It is critical that the child is developmentally ready for writing, by learning these early fine motor skills first. 

If you know a child who is not meeting the early childhood physical development suggestions below, don’t fret – there are many ways to address fine motor skills through these fun activities found on the OT Toolbox! 


In the newborn stage of life, starting in utero, foundational movement skills are practiced. Babies move their hands and arms generally and reflexively (check out this article on primitive reflexes), while they learn their bodies and the environment. As they start to grow, you will see a very active and capable 6 month old baby – see below for a fine motor skills checklist.


  • Has a strong grasp; Opens and closes fists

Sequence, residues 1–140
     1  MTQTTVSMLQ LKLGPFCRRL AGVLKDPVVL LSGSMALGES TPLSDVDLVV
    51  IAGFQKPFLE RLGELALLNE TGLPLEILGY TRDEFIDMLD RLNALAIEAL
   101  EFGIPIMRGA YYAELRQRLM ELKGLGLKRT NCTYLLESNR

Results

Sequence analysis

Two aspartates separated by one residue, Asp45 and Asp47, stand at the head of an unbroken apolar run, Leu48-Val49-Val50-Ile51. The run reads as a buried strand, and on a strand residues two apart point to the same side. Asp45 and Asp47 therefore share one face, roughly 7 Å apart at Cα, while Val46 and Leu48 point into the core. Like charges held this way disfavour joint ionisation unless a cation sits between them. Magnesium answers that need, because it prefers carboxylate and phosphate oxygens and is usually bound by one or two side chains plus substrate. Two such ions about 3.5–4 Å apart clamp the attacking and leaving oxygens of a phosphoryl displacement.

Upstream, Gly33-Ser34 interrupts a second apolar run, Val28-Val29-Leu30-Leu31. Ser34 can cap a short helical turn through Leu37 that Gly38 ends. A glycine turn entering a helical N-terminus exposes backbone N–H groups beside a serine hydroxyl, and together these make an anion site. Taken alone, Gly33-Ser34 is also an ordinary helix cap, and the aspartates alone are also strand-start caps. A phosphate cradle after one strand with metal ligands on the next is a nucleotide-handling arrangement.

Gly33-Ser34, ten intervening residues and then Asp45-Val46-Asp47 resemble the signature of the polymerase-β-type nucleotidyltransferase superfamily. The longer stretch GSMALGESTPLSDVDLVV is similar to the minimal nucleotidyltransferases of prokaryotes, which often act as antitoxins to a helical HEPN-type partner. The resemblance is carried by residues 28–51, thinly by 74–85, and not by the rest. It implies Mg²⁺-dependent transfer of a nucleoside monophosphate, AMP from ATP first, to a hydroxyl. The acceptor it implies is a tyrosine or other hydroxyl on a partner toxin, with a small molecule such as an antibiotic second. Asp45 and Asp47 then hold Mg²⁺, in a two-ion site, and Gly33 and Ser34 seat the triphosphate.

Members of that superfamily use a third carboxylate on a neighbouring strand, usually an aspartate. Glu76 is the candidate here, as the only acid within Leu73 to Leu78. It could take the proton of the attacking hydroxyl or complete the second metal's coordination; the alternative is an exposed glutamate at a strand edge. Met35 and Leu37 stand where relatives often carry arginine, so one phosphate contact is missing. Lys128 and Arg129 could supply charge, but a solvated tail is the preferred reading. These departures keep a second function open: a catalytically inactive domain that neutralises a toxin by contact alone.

• Brings hand to, or near mouth 
  • Arms stretch out and hands open 
  • Scratches fingers along blanket or clothing
  • Looks toward outstretched hand (often eliciting the ATNR reflex)

3 – 5 MONTHS

  • Holds a toy when placed in hand
  • Uses arms to purposely swing at toys
  • Brings hands to mouth consistently
  • Pushes up onto elbows/forearms when on tummy


  • Consistent, purposeful reach using vision to guide movement
  • Transfers objects hand to hand
  • Finger feeds large foods (e.g., biscuit)
  • Shakes/bangs toys 
  • Leans on hand/s to support seated position


Gross motor development is very noticeable at this time, therefore fine motor development slows during this stage. Crawling, furniture cruising, and walking usually occur. What about fine motor skills? Read on to see all of the development that occurs in the “small” motor movements in the way of fine motor milestones for toddlers.

7 – 9 MONTHS

  • Plays using arms (Peek-A-Boo; So Big!)
  • Index finger use to “poke” 
  • Raking cereal with fingers to grasp